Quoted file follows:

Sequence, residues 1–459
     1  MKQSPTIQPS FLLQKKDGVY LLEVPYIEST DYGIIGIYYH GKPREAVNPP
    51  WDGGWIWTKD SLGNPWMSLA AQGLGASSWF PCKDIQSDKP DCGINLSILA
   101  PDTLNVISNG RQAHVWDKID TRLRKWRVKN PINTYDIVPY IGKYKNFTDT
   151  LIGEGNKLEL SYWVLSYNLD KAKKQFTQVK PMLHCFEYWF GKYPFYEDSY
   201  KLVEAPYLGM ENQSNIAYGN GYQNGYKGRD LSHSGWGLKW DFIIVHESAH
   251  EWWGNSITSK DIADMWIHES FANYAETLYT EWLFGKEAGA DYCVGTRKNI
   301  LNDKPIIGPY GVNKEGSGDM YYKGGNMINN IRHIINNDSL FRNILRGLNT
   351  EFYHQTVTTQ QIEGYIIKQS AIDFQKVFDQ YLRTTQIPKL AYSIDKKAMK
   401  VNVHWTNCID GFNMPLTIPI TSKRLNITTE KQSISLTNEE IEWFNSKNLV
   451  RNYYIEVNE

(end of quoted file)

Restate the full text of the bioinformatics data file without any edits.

Sequence, residues 1–459
     1  MKQSPTIQPS FLLQKKDGVY LLEVPYIEST DYGIIGIYYH GKPREAVNPP
    51  WDGGWIWTKD SLGNPWMSLA AQGLGASSWF PCKDIQSDKP DCGINLSILA
   101  PDTLNVISNG RQAHVWDKID TRLRKWRVKN PINTYDIVPY IGKYKNFTDT
   151  LIGEGNKLEL SYWVLSYNLD KAKKQFTQVK PMLHCFEYWF GKYPFYEDSY
   201  KLVEAPYLGM ENQSNIAYGN GYQNGYKGRD LSHSGWGLKW DFIIVHESAH
   251  EWWGNSITSK DIADMWIHES FANYAETLYT EWLFGKEAGA DYCVGTRKNI
   301  LNDKPIIGPY GVNKEGSGDM YYKGGNMINN IRHIINNDSL FRNILRGLNT
   351  EFYHQTVTTQ QIEGYIIKQS AIDFQKVFDQ YLRTTQIPKL AYSIDKKAMK
   401  VNVHWTNCID GFNMPLTIPI TSKRLNITTE KQSISLTNEE IEWFNSKNLV
   451  RNYYIEVNE